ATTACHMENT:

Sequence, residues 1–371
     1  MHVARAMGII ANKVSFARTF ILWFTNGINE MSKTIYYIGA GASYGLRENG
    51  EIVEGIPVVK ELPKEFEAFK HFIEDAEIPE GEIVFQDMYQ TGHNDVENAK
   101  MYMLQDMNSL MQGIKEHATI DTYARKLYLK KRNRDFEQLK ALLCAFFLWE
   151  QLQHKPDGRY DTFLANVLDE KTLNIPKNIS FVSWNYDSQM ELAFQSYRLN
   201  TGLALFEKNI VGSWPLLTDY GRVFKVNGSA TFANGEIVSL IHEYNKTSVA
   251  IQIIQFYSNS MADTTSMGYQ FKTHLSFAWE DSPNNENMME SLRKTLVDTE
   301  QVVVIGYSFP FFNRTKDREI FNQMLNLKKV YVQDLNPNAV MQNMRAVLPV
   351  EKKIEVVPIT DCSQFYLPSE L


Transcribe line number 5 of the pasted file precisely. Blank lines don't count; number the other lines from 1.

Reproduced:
   151  QLQHKPDGRY DTFLANVLDE KTLNIPKNIS FVSWNYDSQM ELAFQSYRLN